In March, a motion by L.A. County Supervisor Janice Hahn called for a study of the problem and a plan for solutions. Last month, the report found we have already made significant progress but concluded that “considerable amounts of trash continue to reach downstream beaches and the Pacific Ocean.”
The same day I toured the creek with Peters, about 40 volunteers from the nonprofit Friends of Ballona Wetlands gathered trash. Patrick Tyrrell, director of habitat restoration for the group, said about 200 pounds of trash were collected in just two hours. Tyrrell said anyone who wants to join the effort can get details at ballonafriends.org.
Peters said he prefers to go solo, and that his interest in coastal preservation goes back to his childhood.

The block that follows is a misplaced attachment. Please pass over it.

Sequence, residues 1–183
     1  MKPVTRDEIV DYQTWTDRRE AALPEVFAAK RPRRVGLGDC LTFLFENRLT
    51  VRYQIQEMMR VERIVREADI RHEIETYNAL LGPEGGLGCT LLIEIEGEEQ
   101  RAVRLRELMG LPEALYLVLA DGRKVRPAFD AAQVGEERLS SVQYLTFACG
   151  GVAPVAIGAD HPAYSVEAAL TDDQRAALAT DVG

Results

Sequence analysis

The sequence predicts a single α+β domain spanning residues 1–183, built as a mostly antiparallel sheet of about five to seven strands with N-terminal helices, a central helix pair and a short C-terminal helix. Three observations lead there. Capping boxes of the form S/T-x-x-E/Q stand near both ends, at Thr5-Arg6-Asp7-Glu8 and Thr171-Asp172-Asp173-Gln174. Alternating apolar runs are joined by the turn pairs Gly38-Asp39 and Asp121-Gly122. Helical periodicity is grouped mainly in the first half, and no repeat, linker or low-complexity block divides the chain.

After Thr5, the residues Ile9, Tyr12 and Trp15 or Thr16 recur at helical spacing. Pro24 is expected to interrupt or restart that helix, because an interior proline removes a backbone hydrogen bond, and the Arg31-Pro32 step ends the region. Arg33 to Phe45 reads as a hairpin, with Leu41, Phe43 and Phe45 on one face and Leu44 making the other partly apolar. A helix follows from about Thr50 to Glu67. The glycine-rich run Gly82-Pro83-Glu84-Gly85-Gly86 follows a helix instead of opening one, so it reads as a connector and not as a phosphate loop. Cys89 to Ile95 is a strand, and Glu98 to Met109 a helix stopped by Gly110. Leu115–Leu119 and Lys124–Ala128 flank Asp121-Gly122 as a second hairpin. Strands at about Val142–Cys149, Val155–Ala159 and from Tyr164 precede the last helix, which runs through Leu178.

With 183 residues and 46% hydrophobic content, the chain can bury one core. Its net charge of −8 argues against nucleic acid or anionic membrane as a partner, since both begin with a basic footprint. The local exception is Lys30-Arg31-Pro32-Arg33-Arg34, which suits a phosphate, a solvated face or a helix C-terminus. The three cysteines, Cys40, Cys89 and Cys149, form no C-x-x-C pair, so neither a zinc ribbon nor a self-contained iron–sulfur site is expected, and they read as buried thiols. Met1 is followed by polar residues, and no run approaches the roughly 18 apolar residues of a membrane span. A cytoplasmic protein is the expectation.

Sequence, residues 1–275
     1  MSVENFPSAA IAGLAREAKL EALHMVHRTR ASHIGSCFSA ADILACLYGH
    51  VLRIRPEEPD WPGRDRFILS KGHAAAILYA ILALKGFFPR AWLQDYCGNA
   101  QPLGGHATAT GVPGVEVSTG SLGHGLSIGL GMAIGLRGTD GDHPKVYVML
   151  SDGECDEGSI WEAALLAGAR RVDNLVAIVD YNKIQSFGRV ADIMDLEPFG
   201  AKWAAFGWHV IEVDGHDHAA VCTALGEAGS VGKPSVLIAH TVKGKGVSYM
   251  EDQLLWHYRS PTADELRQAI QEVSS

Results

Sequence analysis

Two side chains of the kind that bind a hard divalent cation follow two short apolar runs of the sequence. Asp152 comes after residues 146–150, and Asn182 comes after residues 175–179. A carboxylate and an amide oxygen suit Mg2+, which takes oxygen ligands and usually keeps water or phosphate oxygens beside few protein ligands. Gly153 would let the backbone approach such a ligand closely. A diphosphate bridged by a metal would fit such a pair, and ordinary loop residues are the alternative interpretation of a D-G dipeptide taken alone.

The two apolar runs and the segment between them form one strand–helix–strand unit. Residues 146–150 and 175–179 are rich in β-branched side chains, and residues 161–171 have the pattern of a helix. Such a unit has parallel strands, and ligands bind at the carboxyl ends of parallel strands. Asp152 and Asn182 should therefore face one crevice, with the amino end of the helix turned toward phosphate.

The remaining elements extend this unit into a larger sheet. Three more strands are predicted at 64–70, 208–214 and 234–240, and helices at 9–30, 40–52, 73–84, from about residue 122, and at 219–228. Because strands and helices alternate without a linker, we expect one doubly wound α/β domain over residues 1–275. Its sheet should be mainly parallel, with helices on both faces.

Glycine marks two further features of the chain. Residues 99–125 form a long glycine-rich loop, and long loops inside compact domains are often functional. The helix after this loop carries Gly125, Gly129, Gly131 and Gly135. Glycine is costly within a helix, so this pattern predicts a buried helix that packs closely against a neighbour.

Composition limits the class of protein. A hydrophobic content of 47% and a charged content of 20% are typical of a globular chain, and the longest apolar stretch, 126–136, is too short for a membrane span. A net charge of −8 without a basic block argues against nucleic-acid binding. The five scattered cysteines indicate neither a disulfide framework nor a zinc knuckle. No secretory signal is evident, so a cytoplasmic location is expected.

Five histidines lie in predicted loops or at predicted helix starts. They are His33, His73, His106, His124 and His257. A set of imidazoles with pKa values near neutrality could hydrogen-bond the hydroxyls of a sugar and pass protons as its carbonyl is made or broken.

“My dad showed me how to pick up trash along Lake Michigan when I was seven,” he said. After his father’s death, he picked up trash with his Boy Scout troop along waterways in Chicago.
“I don’t know why more of us aren’t engaged in this kind of stuff,” Peters said, telling me concern about climate and the environment “are just part of being a normal human being.”
At the backyard hut he calls home, Peters keeps a museum of sunglasses, swim masks, plastic toys, car parts and hairy tangles of netting and marine rope he has pulled from the water and the shore. Barnacled rubber balls are stored together, as are cellphone cases and chip wrappers. He has fished up a drone, an electronic weather device, an underwater cam, plastic six-pack slings, decades old chip wrappers, bottles and cans.